Book: Perfume by Patrick Susking
Publisher: Penguin Books, 1987
Genre: Thriller, Historical Fiction, Literature
Source + Date Read: Library + September 2015
Recommend: French historical fiction thriller with a sensorial element.
Book Pro’s: All. ALLLL.
Book Con’s: –
I will admit that what I was first attracted to the new cover published this year under the Penguin Essentials range (Illustrated by Jan Van Der Veken). I’d attempted to read this novel a few times both on ebook format and via hardback but had little success. I attribute that to (1) the lack of interest in the reading format but (2) also being quite busy when I started reading it. Perfume is an amazing novel but a book that I think deserves some time blocked out for it, or during a time when you can dedicate yourself to that book solely in thought.
That being said, I adore this novel for one reason and that is what it’s entire premise is based on: the realm of scent. I don’t think of myself as a sensorial person. Indeed, I trust my eyes, I have semi-poor hearing (I attribute this to teenage angst and loud rock music too close to my ears) and have an abysmal sense of smell. So to read a book where one’s scent, rather than their sight or tactile abilities, are of a truly magnificent caliber, well, how can you not be intrigued?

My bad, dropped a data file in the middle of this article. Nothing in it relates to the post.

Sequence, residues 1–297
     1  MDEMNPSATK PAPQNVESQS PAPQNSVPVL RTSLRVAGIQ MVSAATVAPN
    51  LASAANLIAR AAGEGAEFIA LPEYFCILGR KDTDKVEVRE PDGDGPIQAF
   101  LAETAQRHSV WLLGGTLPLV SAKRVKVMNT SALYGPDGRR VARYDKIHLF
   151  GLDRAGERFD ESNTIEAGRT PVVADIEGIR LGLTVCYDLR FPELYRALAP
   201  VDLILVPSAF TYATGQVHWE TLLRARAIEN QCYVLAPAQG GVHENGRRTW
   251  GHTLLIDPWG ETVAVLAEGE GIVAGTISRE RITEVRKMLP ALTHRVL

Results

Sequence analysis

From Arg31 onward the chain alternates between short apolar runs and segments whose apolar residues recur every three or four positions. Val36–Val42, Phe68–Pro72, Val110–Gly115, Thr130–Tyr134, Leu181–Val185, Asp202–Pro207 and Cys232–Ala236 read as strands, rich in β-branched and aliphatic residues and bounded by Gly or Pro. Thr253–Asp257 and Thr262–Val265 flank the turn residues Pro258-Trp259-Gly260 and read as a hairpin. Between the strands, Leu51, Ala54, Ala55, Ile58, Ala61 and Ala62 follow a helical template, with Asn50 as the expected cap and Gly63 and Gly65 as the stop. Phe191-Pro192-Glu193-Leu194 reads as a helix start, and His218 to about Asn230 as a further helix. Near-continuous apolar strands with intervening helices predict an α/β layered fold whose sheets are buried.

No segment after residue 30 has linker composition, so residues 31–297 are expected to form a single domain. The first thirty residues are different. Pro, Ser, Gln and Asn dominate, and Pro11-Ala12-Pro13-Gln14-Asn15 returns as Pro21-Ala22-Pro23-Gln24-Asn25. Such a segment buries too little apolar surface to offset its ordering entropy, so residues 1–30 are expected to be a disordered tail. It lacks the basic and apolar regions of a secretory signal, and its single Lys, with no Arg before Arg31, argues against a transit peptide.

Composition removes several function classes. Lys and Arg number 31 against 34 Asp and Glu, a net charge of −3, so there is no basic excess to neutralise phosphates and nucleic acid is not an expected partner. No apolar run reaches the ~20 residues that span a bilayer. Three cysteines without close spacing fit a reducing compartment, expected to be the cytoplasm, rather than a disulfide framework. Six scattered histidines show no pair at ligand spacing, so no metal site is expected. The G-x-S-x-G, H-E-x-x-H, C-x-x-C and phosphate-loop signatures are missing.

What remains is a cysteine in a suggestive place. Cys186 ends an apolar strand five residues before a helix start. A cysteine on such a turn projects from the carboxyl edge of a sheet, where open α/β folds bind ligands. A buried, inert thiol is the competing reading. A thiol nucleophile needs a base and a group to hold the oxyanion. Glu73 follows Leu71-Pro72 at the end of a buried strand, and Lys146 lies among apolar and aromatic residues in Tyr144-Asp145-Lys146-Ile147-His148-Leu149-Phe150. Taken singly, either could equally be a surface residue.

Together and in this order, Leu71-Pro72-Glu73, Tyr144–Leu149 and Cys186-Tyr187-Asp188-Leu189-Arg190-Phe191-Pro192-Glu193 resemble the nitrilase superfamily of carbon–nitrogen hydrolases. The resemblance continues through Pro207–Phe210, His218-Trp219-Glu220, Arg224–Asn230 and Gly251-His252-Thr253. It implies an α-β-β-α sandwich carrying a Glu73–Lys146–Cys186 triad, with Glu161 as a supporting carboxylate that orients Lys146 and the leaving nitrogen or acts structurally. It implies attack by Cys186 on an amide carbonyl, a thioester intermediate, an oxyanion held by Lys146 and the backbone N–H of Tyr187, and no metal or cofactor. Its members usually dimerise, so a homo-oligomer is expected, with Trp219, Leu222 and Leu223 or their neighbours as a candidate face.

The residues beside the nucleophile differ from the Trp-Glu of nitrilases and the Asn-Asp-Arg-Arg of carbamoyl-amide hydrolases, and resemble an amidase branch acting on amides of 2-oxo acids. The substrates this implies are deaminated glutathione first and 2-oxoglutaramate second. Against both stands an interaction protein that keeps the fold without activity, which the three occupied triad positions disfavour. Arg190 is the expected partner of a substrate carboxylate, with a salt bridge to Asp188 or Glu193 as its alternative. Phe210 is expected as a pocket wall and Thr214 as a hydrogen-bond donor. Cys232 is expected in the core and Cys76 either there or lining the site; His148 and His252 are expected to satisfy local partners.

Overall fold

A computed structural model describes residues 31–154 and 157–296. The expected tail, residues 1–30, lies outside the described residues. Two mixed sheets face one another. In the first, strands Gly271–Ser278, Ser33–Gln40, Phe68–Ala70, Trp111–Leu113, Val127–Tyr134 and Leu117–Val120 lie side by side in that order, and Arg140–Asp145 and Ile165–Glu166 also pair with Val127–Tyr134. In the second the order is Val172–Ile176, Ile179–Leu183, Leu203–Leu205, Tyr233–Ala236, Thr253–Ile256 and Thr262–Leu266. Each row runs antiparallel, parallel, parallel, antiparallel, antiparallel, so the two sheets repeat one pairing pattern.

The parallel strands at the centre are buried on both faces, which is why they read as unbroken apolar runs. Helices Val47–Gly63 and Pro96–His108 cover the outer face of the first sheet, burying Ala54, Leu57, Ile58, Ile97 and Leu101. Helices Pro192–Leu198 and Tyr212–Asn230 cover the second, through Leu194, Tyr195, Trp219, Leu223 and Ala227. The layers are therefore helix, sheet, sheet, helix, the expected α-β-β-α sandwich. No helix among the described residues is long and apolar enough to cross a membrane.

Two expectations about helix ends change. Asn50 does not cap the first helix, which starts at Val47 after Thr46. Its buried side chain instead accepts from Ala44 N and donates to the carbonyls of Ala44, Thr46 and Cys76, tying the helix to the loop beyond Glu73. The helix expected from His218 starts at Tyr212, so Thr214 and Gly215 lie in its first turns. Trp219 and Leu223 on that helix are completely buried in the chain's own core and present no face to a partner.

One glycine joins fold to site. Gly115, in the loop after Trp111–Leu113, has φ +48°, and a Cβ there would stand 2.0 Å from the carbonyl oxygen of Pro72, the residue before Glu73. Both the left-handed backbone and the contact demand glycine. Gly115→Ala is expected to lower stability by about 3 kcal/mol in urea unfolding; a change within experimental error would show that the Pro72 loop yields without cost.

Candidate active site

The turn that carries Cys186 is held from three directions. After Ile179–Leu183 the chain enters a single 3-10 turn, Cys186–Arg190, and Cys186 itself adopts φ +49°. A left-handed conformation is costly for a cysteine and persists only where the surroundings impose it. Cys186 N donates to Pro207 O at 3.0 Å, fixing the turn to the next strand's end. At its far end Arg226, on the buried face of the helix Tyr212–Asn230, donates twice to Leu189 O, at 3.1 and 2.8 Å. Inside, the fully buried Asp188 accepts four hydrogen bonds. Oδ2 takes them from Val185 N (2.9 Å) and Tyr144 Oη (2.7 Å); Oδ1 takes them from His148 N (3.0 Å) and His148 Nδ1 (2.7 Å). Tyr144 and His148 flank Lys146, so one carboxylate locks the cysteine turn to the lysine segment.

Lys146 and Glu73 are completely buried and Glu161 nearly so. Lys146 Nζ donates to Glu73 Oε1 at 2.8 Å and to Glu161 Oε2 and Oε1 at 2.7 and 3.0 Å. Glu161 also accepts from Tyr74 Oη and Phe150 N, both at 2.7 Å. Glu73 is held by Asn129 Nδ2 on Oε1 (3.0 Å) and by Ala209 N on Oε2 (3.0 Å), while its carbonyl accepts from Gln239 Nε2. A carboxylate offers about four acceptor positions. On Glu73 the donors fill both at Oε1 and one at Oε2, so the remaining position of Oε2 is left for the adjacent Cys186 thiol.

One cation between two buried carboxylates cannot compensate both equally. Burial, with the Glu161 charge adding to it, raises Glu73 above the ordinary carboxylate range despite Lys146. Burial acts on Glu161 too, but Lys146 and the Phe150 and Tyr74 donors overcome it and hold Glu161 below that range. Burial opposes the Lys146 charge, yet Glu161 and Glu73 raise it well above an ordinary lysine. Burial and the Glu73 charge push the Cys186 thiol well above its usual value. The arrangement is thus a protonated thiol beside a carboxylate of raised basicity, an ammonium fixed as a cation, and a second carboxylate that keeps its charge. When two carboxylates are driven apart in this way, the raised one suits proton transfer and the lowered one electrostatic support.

Indeed, the novel is centered around the ephemeral and our quest to capture it in a more permanent fashion. Look at photography or paintings, music and recordings, as humans we have a rich history of trying to reproduce or capture nature and life as we know it (and as we perceive it). But smell? You don’t think about it too much but one’s perception is completely based off of your biology or history. I’m sure our antagonist narrator, Grenouille, could smell a flower in much more depth than a super-scent person ever could in our modern age and it was this desire to replicate (and his greed) that drove him to capture scent as he knew it, not as others did.
I’m rambling a bit aren’t I? I just like that notion of perception and permanence that the book questions in one of its core themes. I mean, to cross off the check list it is certainly well written, full of metaphors and depth, the characters are well fleshed out and it’s a pretty vivid representation of 18th century France. I also like that Suskind doesn’t make Grenouille out to be a good guy, we revel in his badness and how his very touch is almost poisonous (metaphorically speaking, not literally). How might this novel been different if he’d been good? It’s his very badness that makes you want to read more. In general, I’m on the hunt for this very edition and the minute I find it I plan to purchase it for my collection (I’m just as bad as Grenouille! So keen to capture and collect- but on legal terms of course).
Book read before this: Yes Please by Amy Poehler.
Book read after this: Everday Sexism by Laura Bates.